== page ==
Flights-last year British Airways Chase card had a 100,000 mile sign-up bonus. I opened one for myself, one for the hubs. We ended up with about 220,000 total BA points. BA changed their award program and made it a lot less lucrative, but some trips became much cheaper under the new program. Hawaii from the West Coast is now only 25,000 miles round trip with BA (but 35,000-40,000 under most airline programs). I redeemed 100,000 miles for our tickets plus $20 each in taxes. BA was running a special and gave me back 10,000 miles. So, 90,000 miles and $80 in taxes. We still have a ton of miles left, which will cover our (hopefully near future) South American trip.

Car rental-I had a 75,000 "Thankyou points" bonus from a Citi Thankyou Rewards card. Redeemed 22,000 and no cash to rent a Dodge Challenger for the week.

Lodging-I have lots of Starwood and Carlson points (and I hope you do too now!), but I always try to rent a house or apartment when we travel. I totally prefer the experience, and we save hundreds and hundreds of dollars not eating out three times a day. This time our rental cost about $750 after taxes and cleaning fees.

So, aside from groceries (which we would have to buy if we stayed home anyways), the total cost for a family of four to spend a week in Kauai is $830.

If you have any good miles/points advice of your own, or if you've gotten in on any of the deals I've posted about, let us know!

Wednesday, March 14, 2012

Let's shop for vintage clothes in London today, shall we?

Not for realz, yo! My kids are sick. Otherwise, YEAH I would hop a red eye with you! Get some bangers 'n mash, molest some Queen's guard guys, hang out in some red telephone booths, meet up with Hugh Grant for a nip of whiskey and put my shopping bags in the boot of his Aston Martin. You know, what we USUALLY do when we cross the pond to shop.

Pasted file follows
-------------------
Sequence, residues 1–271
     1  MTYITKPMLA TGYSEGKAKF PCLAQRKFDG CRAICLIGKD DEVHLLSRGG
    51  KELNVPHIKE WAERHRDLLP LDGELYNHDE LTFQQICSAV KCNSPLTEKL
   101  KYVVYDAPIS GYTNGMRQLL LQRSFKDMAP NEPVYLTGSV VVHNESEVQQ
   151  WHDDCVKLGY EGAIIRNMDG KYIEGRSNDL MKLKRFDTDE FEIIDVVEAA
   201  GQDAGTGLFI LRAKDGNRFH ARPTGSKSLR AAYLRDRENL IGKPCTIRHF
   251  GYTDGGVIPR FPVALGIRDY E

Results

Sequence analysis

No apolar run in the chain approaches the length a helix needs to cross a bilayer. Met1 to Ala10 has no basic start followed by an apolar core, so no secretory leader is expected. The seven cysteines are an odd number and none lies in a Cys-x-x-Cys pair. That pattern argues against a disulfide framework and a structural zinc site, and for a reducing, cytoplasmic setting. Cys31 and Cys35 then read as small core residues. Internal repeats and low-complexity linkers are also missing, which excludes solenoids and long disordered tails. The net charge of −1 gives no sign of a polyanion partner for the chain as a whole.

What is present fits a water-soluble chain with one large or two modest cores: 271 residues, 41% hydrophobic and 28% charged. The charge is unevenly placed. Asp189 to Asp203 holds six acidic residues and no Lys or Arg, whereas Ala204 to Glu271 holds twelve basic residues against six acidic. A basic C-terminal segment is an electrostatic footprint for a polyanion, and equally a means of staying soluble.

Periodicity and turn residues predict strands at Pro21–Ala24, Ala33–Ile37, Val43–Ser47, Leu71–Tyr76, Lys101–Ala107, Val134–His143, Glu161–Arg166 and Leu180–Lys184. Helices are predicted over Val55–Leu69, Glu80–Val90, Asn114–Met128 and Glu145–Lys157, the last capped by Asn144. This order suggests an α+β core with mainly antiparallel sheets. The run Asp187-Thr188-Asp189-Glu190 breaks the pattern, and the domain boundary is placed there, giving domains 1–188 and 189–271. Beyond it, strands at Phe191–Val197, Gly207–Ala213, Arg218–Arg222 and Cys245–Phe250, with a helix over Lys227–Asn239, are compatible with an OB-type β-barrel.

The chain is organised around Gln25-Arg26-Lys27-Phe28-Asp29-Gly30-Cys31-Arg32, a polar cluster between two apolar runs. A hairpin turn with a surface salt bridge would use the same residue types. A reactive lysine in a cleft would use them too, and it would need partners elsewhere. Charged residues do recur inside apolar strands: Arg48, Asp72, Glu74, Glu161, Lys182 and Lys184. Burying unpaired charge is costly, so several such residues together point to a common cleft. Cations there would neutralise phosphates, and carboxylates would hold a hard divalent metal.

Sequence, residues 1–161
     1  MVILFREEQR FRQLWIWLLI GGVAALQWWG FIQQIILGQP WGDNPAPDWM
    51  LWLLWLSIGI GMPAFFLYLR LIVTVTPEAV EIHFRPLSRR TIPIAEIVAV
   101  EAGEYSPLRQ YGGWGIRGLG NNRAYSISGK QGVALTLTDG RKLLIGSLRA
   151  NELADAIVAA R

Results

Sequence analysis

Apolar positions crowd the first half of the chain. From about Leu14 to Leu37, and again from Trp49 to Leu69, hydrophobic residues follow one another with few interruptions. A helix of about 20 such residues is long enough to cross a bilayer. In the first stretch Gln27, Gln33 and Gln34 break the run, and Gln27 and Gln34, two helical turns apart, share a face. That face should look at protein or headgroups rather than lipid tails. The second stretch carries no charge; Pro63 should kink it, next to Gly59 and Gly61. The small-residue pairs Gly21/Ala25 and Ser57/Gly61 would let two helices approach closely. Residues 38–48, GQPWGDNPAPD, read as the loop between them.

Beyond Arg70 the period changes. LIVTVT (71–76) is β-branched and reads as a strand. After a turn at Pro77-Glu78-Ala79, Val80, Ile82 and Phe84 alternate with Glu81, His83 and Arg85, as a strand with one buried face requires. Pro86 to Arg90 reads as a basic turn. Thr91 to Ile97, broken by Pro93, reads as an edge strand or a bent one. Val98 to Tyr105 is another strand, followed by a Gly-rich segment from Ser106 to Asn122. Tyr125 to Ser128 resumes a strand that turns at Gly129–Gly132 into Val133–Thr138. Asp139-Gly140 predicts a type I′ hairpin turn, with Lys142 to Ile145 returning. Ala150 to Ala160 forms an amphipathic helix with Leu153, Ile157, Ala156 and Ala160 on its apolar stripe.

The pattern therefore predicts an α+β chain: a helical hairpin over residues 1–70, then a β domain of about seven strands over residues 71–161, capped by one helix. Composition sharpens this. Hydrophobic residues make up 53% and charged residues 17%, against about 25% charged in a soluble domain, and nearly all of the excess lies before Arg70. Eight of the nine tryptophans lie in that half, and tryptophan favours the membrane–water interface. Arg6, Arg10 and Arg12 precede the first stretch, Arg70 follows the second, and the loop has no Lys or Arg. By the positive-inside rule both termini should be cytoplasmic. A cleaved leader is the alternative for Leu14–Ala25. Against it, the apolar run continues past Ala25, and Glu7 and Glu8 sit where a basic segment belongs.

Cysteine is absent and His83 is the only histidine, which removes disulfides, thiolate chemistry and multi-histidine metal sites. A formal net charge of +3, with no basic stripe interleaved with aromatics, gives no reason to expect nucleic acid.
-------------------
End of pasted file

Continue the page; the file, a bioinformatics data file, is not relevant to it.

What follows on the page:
Nope, today we will do it American-style, from the comfort of our own McMansions, with our coffee-not-tea, munching on our toast toasted on BOTH sides.

Alright, even I've had it with these weak racial caricatures (some of which might actually be Irish and not English [and based on lyrics by the Police],, I can't even be bothered to be accurate when I'm making fun of people).

So, you ladies-who-read-blogs-thus-know-everything, you know about ASOS right? Kind of similar to ZARA, pretty affordable, purveyors of the orange pants I so unspectacularly blogged about last week?

This fancy lady(famous treehouse designer, member of the Nashville Cats all-female biker gang) got me hooked. Just like Euro cigarette smoke doesn't smell as bad as American, cheap Euro clothes are pretty superior to cheap American clothes and they're not genetically modified because of those progressive EU standards.

But guess what? I found out they have this thing called ASOS Marketplace where edgy British girls who look like they will cut you model some awesome Euro vintage clothing THAT IS FOR SALE FOR NOT A LOT OF MONEY! Most of it is in the $30-$40 range, and shipping is $10-ish.

Here are some of the highlights, but I'm telling you, I only made it to page ten of like 436 pages.

A psychadelic purple panther caftan, the must-have of the season!
The green hair thing and shoes let you know that this is not an American situation going on here...

I feel like Kelly Wearstler would try to rip this dress off your body if she saw you:

A non-traditional wedding dress maybe? For those "wine in Mason jars, bluegrass band in a barn" wedding people?

Who could not wear this dress? It would look good on everyone.

I just know this girl is in an awesome scooter gang. I'll take that body AND the amazing dress, thanks. I think this is going into my "If I ever get my boobs did" scrapbook.

Best for last? Yep. A littler spendier at about $100, as it's 60s Pierre Cardin from back when he was a thing! The details on this dress are superb. I would wear it with purple tights, but I wear purple tights with everything. You would look good in this dress until you're 80. It's just so perfect. Forgive her for not smiling...she's a little angry about the awful drooping bunting on the wall and the giant doily she's standing on.

Monday, March 12, 2012


Hey, look at me being a man of few words! I think we can all use a break from my soul-searching, no?

I love each of these pieces more than the last. Get 'em while they're hot and fresh in the shop.